Characteristics of mobile phone access and usage among caregivers in Pakistan – A mHealth survey of urban and rural population

Abdul Momin Kazi, Nazia Ahsan, Saima Jamal, Ayub Khan, Waliyah Mughis, Raheel Allana, Abdul Nafey Kazi, Hussain Kalimuddin, Syed Asad Ali, William McKellin, Jean Paul Collet

Research output: Contribution to journalArticlepeer-review

8 Citations (Scopus)


Introduction: Globally mobile ownership and access is becoming very common, and breakthroughs in mobile technology have shaped digital communication, with 7 billion mobile phone users globally. Developing countries account for 80% of newly purchased mobile phone devices with majority of such countries having low Routine Immunization coverage and a high risk of vaccine preventable diseases. The use of mobile phones provides a tremendous potential for public health involvement. Objective: The aim of this study is to assess the acceptability and usability of mobile phones among infant caregivers in a LMIC setup and to explore the role of mHealth to improve immunization uptake and coverage. Methods: This is a cross-sectional survey exploring the regional differences in mobile phone ownership, usability and preferences, along with level of trust with others while sharing a mobile phone. The study was conducted with caregivers of infants in an urban and rural sites of Pakistan. Results: A total of 4472 households were approached, of which 3337 participants were eligible for the study (74.61 %). The reasons for not participating in the study (n = 1135) included (i) household locked or refusal to participate for 594 families (52%), (ii) child older than 14 days of life in 409 cases (36%), (iii) 80 (7%) families did not have access to a functional mobile phone, (iv) 36 (3%)families did not provide a mobile phone number, and (v) 14 (1%) could not stay within the HDSS for 6 months. Access to mobile phone with SMS features was considerably high at both sites: 99.1% in Matiari (rural site) and 96.7% in Karachi (urban). In Matiari 96.6% of the respondents reported having daily access to the phone, contrasting with only 51.4% in Karachi. In Karachi, the predominant spoken language was Urdu, whereas majority of the respondents in Matiari spoke Sindhi (34.6% vs. 70.9%). Conclusion: Our study indicates high access to mobile phone in both urban and rural setup, However access to smart phone is still limited, urban and rural setup. Further, the acceptance of overall health- and barrier-based child immunization messages through mobile phone were quite high in both settings. Lastly automated calls were preferred over SMS due to literacy and local settings. This bears important implications for improving child immunization uptake through mobile phones in developing regions such as Pakistan.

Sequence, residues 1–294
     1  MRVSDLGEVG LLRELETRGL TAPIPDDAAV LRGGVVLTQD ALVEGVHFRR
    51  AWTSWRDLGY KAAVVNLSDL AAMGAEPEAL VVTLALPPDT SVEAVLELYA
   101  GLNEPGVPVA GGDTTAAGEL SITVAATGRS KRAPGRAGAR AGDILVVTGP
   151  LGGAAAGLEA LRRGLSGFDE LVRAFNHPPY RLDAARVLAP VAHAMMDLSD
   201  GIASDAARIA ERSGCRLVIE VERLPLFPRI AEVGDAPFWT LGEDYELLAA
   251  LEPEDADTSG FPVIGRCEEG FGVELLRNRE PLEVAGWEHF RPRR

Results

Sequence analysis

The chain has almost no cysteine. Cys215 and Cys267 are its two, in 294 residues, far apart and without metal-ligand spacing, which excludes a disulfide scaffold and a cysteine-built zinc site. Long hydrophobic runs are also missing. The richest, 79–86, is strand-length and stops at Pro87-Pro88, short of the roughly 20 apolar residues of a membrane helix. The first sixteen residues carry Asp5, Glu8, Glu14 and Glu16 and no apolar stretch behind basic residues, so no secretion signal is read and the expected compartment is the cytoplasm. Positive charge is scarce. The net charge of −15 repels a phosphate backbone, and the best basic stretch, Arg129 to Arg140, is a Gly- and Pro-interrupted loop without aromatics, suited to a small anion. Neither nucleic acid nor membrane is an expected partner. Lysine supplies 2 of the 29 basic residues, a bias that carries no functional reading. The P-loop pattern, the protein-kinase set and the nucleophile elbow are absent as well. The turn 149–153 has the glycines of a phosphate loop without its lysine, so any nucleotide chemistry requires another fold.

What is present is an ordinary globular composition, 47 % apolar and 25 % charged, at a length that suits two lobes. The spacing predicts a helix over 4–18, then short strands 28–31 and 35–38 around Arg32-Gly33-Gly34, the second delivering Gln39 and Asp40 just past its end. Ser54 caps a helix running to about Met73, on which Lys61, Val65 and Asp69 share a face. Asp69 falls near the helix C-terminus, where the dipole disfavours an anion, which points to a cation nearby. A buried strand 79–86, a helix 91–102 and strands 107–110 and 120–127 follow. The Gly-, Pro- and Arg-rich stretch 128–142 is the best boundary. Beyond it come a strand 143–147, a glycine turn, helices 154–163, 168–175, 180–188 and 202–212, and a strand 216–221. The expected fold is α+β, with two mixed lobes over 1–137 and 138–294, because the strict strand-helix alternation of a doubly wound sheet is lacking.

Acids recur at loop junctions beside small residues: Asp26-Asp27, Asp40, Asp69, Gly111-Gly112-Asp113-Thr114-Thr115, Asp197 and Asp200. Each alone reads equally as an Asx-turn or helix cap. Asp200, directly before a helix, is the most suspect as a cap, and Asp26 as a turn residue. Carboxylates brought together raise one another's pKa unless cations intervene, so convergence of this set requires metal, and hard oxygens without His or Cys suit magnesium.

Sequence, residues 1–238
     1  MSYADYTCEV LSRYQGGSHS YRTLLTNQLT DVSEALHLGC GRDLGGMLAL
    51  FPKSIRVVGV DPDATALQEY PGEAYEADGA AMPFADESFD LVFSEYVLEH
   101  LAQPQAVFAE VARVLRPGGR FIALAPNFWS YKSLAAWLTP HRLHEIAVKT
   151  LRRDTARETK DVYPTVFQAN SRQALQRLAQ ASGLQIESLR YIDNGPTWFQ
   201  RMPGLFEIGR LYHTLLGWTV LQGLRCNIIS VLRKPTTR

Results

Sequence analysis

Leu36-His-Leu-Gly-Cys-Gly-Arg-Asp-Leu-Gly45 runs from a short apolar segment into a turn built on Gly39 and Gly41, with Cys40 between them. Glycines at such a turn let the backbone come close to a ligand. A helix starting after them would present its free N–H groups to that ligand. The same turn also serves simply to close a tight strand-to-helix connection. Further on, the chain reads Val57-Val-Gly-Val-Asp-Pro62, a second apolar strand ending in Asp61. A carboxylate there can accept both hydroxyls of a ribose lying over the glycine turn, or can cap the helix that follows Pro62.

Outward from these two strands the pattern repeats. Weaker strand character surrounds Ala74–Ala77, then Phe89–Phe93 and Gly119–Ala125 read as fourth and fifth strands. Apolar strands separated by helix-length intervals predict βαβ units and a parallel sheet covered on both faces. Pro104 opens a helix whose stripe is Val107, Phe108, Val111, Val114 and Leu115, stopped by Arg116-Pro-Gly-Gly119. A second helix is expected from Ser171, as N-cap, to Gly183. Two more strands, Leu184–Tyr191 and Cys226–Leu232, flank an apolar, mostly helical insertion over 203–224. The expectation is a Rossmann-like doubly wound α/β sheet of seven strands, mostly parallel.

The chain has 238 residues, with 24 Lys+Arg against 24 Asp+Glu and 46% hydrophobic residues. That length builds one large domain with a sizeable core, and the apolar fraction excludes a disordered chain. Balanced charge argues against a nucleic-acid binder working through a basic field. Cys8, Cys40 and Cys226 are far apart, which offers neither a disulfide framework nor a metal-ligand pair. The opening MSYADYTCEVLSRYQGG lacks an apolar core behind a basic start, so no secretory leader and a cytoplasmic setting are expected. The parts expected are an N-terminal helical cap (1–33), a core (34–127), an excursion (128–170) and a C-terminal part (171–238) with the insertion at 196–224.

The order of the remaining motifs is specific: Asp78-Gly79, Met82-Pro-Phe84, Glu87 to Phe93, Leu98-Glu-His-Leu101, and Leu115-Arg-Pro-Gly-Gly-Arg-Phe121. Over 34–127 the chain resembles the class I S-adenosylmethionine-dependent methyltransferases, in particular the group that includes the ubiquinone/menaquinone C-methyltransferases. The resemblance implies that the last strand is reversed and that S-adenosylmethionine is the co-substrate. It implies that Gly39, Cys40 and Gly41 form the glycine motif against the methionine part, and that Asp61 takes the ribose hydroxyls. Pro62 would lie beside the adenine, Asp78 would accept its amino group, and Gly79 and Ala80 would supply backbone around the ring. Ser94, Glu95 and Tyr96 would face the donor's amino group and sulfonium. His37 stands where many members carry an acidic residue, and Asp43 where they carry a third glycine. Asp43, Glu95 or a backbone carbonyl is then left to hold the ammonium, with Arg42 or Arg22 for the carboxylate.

Original languageEnglish
Article number104600
JournalInternational Journal of Medical Informatics
Publication statusPublished - Dec 2021


  • Child routine immunization
  • Digital Health
  • Interactive voice recording (IVR)
  • LMICs
  • Mobile phone
  • Pakistan
  • Short messsage service (SMS)
  • mHealth


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